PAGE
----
Rafaat’s extended family live in a neighborhood that are all Nubians like themselves, except for a family of Christian southerners next door. Three young southerners killed a cousin of Rafaat, whose family wanted to set fire to their house as payment for the death of their cousin. But Rafaat confronted his male cousins and said to them, “If you do this, I will call the police.” They called him a coward, but backed down from their plan, later telling Rafaat that they were glad that he stopped them, that it was the right thing to do.
In our role playing exercise, Kodi and Priscilla play out an abusive domestic relationship – Kodi playing the wife and Priscilla the husband. We see Kodi scrubbing, cooking, tidying; the husband returns, swaggering and asking her what she had been doing with her time. If she did not change her ways, he would beat her again. Unbeknownst to the other (a true story), they each receive an invitation to a local workshop by the Forum on Non-violence. They each show up at the workshop, having sneaked out of the house to do so. Shocked to see one another there, they make as if to leave. The trainer invites them to stay and helps them confront their violence and their victimization. A happy ending…
The work begun here has reached into unusual and far places in Sudan. The training required by the diocese for its workers now includes non-violence taught by one of “ours.”
Another graduate, Saleh, is an oddity, a Muslim, an imam and a card-carrying member of the SPLM, the southern Sudan People’s Liberation Army, which carried out a 21-year-war with the central government. It ended in 2005 with a peace agreement whose key elements remain ignored by Khartoum. Saleh continues his work with the SPLM membership, coaxing it out of warrior mode and into governance mode.
The journey to the compound is quiet today, with businesses closed for the Muslim day of prayer. The air is easier to breathe, the dust swirls with less ferocity. Only the beggars are still at work. Little boys still leap up onto the hood of the jeep to wash a window – without water or soap – in hopes of a penny or two.
I read this morning that Hillary has accepted Obama’s invitation to serve as secretary of state, that Zimbabwe has refused entry to three of the “Elders,” Jimmy Carter, Graca Machel and Kofi Annan, and that the Security Council has urged an increase in the numbers of peacekeepers in the Congo. Elsewhere the paper has an article about the 17,000 peacekeepers that, in the opinion of the writer, are living “high off the hog” and just watch atrocities happen without doing anything. Sigh.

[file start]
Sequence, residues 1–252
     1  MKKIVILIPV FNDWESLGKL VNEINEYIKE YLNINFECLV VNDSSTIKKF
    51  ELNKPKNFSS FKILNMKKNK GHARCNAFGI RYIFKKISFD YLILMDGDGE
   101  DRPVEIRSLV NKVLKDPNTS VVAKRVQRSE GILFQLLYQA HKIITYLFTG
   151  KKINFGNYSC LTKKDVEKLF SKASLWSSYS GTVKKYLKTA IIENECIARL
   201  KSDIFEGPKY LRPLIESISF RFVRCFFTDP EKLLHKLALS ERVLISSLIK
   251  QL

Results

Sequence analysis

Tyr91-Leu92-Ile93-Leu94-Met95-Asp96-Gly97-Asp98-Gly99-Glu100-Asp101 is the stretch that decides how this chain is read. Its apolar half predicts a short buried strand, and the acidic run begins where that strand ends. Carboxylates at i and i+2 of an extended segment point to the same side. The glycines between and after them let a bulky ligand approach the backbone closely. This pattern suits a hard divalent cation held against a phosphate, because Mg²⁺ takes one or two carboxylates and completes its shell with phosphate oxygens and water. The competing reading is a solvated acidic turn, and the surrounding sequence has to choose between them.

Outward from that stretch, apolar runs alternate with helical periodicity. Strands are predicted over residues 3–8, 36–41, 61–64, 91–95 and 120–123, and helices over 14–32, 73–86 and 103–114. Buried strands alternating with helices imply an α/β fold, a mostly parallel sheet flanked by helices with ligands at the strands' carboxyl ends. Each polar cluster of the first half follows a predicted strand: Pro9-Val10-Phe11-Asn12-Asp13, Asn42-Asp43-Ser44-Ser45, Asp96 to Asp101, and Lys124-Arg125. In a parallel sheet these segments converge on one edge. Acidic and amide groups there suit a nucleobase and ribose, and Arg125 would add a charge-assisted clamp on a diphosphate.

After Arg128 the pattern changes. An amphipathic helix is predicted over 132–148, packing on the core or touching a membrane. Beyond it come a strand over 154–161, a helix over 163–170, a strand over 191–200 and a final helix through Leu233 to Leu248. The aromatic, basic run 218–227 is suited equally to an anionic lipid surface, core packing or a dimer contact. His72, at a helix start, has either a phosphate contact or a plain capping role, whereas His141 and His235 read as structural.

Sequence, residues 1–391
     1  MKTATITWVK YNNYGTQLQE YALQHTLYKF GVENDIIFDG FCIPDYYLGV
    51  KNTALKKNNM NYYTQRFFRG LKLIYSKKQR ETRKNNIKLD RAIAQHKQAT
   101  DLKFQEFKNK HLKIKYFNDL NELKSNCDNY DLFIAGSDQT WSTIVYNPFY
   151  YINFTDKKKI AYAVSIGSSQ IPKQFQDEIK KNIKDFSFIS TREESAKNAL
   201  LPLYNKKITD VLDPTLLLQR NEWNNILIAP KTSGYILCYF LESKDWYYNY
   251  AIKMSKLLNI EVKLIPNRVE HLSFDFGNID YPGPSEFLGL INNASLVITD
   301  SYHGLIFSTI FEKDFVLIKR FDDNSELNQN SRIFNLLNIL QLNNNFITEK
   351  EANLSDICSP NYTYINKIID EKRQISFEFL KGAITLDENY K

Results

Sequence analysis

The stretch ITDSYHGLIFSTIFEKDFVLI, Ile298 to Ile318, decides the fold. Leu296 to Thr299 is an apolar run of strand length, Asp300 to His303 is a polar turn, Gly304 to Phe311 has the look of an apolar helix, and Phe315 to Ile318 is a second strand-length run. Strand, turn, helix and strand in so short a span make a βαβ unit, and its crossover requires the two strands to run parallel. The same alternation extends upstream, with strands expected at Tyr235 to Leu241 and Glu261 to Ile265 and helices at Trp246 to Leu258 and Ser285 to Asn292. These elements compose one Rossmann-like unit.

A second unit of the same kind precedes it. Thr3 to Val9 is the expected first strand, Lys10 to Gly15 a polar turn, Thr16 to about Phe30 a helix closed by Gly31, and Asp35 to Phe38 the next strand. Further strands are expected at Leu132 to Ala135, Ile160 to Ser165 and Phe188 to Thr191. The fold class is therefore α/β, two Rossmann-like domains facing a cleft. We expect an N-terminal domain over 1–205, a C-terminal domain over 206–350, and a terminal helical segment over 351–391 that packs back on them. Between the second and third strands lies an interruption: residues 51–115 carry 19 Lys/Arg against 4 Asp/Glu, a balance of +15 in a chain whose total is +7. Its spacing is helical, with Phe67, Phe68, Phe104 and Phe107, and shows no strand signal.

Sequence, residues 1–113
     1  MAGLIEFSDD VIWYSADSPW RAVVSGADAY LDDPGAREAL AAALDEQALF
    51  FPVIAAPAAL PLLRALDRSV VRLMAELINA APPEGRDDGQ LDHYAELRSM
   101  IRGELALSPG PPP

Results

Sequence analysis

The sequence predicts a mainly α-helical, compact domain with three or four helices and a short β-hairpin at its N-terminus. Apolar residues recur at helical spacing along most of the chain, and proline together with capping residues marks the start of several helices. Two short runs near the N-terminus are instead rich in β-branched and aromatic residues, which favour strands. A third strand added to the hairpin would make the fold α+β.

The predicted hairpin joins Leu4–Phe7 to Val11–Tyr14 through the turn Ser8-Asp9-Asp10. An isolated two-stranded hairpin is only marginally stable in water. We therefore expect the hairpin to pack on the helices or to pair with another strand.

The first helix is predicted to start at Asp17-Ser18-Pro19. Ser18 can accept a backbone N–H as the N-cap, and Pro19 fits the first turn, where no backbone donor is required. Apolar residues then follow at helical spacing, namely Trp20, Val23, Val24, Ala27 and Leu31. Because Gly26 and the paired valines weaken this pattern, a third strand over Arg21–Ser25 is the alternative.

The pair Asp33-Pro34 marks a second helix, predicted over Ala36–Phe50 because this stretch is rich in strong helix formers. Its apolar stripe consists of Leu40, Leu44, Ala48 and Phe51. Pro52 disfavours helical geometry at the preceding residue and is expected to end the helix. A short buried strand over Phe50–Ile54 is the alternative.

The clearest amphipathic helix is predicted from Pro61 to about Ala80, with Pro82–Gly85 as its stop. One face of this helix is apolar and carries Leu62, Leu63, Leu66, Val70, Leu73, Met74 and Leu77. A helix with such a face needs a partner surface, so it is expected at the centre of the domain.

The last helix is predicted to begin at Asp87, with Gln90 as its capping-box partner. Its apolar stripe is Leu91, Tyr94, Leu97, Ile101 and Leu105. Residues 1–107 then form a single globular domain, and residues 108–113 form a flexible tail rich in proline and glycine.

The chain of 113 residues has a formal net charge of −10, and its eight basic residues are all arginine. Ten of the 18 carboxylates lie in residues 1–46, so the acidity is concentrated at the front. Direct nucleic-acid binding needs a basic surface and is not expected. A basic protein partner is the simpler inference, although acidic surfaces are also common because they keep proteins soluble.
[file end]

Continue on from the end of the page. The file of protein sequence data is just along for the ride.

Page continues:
Twenty new faces greet us. SONAD uses its pan-Sudan contacts to gather individuals from organizations already doing risky work. While previous trainings were intentionally composed of more women than men and equal numbers of Christians and Muslims, in this group there are more men than women, more Muslims than Christians. Strangers now; but that will change.
We begin with introductions. Paired with someone they don’t know, they are to find out their partner’s name, birthplace, tribe, what they like to do; and then, with their “wrong” hand, draw their picture, depicting one or more elements of their story. Paper and pens are distributed. The results are funny and revealing.
The training will last ten days, with one day off in the middle. We agree to listen to and respect one another, to arrive on time and, in this land where cell phones are everywhere – to use them only during meals and breaks. Times for Muslim prayer are agreed upon, mats provided; notes about translation and key word lists are posted. I am not the expert, I tell them. You are the experts. I do not come with the answers. Instead, I am confident that the wisdom already lies within you. The answers to peace in Sudan are already gestating inside of you and I am merely your midwife. I will do my best to provide a safe place and all the tools and encouragement you need, but the work, the birthing is yours.
I hold my hands out in front of me describing a stretched-out belly and effecting a late-term waddle: you are all pregnant. The women giggle as I walk round the circle; the men smile, not quite sure what to make of this. They may have been called many things before, but never pregnant. You are all pregnant with the new Sudan. The nervous laughter fills the room, creating gaping holes in fences of race, religion, tribe and gender.
Although the participants are all literate, they are mostly unpaid volunteers. Three of the twenty are married, the others, it would seem, caught in the cultural requirements of dowry and debt, tradition and tribe. Those who have gathered here receive from SONAD a few pounds per day to provide for their needs while here. Accommodation is primitive, the water cloudy, the food just adequate.
Later I crawl under my mosquito netting, the day’s dust and sweat mostly washed away. One of the beasts has found a way in and I wonder where in this desert mosquitoes find breeding grounds.
Ah yes; perhaps those little pools of water that lie about on streets, the results of broken water pipes. The air is dry and cools quickly following sunset. My little flashlight and a good book combine with a fan that spins slowly, fa-woomp, fa-woomp, fa-woomp, moving enough air to bring on sleep.
Lee McKenna is an organizer in the Ontario health care sector and a Baptist pastor. Her international work in non-violence is supported by the Baptist Peace Fellowship of North America and her local church, Woodbine Heights Baptist Church.
Peace Magazine Jan-Mar 2009, page 12. Some rights reserved.